WEST DORSET: The developers of a proposed solar farm have hit out at conservationists for 'ignoring the facts' in campaigning for the government to intervene.

Earlier this week, Secretary of State Eric Pickles ordered West Dorset District Council to put permission for the 24-megawatt solar farm at the former BBC transmission station at Rampisham Down on hold until specific authorisation is given by the Department for Communities and Local Government.

The announcement came following a campaign from conservation groups including Dorset Wildlife Trust (DWT) calling for government intervention -in order to protect wildlife at the site near Beaminster.

Last month, West Dorset District Council's development control committee gave the 40-hectare scheme the green light, but the government has now stepped in to put the proposals on hold.

Chief executive of DWT Dr Simon Cripps said: “Dorset Wildlife Trust is not against renewable energy development, but we will oppose it on sites where the development could cause harm to the environment.

“We have been overwhelmed by the amount of public support we've had, with nearly 7,000 people sending their letters to Eric Pickles asking him to 'call in' the decision. It is good news that the process of issuing planning permission has been halted for the time being, but we need to continue putting pressure on the government to get this perverse decision over-turned.

“My guess is that this will be kicked into the long grass until after the general election.”

The developers of the scheme, British Solar Renewables, are disappointed the Secretary of State has put the plans on hold and believe the scheme would pose no threat to protected wildlife.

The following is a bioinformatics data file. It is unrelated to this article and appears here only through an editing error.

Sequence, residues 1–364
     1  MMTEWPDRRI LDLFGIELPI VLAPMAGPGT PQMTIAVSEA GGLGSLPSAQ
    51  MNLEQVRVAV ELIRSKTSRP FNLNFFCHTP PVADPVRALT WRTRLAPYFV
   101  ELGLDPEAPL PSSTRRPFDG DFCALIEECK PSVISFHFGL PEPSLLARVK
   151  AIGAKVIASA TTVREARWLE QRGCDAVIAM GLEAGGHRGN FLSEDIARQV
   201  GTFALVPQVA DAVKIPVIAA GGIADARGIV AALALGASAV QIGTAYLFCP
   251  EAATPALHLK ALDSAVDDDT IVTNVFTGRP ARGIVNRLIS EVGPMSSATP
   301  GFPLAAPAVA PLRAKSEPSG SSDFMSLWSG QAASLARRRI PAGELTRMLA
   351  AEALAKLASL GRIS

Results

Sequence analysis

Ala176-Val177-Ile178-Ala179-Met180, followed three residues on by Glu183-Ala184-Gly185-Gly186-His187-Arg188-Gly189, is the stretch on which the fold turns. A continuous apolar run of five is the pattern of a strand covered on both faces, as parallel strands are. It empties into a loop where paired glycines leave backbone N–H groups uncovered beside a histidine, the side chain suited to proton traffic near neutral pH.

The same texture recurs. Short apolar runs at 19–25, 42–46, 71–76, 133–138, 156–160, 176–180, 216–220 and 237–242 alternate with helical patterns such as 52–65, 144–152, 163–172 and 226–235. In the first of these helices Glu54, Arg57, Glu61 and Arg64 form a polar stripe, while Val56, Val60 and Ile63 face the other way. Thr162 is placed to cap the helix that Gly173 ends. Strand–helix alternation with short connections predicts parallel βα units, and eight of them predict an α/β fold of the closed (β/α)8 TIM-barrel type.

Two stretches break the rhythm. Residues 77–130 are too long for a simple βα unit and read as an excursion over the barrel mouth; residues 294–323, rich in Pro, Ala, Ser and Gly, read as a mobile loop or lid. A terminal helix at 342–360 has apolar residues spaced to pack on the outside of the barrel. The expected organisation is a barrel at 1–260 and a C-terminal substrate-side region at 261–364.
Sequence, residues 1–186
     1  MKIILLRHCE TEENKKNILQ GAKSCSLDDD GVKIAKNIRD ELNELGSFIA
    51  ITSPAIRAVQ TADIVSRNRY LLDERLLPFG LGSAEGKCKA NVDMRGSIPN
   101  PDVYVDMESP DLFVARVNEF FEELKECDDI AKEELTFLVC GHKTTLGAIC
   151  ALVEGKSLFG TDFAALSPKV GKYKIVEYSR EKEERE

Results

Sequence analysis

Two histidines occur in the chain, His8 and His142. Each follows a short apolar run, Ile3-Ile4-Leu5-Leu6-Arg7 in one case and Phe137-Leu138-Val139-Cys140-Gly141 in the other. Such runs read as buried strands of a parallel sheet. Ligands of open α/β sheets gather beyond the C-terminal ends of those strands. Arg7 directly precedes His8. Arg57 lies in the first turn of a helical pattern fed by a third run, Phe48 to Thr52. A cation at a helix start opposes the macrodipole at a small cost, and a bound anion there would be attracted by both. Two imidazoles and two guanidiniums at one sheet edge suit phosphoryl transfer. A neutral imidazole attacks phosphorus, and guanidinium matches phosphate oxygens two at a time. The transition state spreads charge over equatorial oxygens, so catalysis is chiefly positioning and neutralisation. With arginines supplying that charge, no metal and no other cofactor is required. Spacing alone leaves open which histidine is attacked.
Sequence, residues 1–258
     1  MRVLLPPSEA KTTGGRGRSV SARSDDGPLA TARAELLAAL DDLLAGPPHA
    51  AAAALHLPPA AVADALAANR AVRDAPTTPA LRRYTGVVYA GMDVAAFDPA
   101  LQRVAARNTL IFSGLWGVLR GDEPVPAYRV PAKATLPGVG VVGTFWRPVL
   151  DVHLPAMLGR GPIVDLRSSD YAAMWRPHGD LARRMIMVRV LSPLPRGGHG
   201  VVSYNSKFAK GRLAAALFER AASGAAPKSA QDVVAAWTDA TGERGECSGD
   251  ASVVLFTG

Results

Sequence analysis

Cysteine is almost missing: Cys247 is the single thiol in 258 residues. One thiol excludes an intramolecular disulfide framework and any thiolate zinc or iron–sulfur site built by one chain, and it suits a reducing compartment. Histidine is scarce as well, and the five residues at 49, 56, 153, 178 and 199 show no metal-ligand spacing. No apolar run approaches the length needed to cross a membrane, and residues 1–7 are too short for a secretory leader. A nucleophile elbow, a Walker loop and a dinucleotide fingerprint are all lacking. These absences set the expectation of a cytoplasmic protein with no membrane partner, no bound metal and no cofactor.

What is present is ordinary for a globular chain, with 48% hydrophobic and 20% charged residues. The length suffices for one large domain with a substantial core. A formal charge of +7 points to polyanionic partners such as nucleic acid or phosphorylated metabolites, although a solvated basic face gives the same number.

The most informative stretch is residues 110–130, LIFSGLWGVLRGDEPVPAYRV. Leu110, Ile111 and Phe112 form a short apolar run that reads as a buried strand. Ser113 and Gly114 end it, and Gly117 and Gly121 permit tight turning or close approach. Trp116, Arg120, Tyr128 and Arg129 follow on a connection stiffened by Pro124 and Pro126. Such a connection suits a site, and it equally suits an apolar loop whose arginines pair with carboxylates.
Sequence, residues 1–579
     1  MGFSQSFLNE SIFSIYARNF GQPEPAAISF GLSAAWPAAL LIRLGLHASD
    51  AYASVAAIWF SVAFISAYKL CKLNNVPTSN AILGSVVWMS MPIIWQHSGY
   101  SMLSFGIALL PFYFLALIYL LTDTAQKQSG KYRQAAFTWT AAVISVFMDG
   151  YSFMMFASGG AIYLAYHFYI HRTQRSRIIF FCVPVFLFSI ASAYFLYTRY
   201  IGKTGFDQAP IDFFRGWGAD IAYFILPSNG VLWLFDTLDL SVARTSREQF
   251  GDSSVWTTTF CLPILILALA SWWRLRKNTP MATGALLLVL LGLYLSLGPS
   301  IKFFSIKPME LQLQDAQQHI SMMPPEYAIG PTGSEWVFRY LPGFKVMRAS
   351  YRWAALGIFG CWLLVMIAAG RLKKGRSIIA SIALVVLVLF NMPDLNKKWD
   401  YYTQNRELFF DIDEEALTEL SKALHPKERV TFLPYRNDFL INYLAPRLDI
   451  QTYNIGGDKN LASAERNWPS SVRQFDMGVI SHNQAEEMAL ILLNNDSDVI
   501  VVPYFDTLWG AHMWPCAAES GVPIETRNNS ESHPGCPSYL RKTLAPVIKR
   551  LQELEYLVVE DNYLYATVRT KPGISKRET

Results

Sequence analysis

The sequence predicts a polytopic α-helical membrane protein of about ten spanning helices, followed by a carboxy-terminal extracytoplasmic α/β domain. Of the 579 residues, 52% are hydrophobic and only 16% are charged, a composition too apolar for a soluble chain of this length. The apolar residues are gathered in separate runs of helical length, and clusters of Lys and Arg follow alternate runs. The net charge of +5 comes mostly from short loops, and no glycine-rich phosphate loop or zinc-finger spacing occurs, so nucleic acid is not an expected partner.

Business development director at British Solar Renewables Giles Frampton said: “The science is in our favour and still it is being turned against us by Dorset Wildlife Trust and Natural England.

“It is a bit like taking on the flat earth society. It is a manmade habitat and a brownfield site. During our three years of research and studies, we have found no badgers and no adders and only one harebell.

“The democratic process had already spoken when the planning committee voted to support the facts.

They were persuaded by common sense, yet these groups are choosing to ignore the facts. We will be continuing with the science to prove there is no harm to the grassland.”

The development would create around 150 full time jobs and deliver renewable energy to power more than 10,000 homes.

Research has found that grass has continued to grow underneath test panels - which are translucent and let more light through.

The DWT has disputed these claims are believe the mix of wildlife makes it an important natural area.

“They have not done any reliable science on this” said Dr Cripps. “Anyone with trees or a shed in their garden will know that shade does have a significant effect on wildlife.

“None of the species at Rampisham are particularly rare, but it's an extremely important mix which makes the site so special.” 

The plans were submitted in December 2012 and the site listed as a SSSI in March 2014 by Natural England as an important designated lowland acid grassland and heathland. Despite objecting to the planning application, a spokesperson from Natural England told The News they were still finalising their position in regard to Rampisham Down.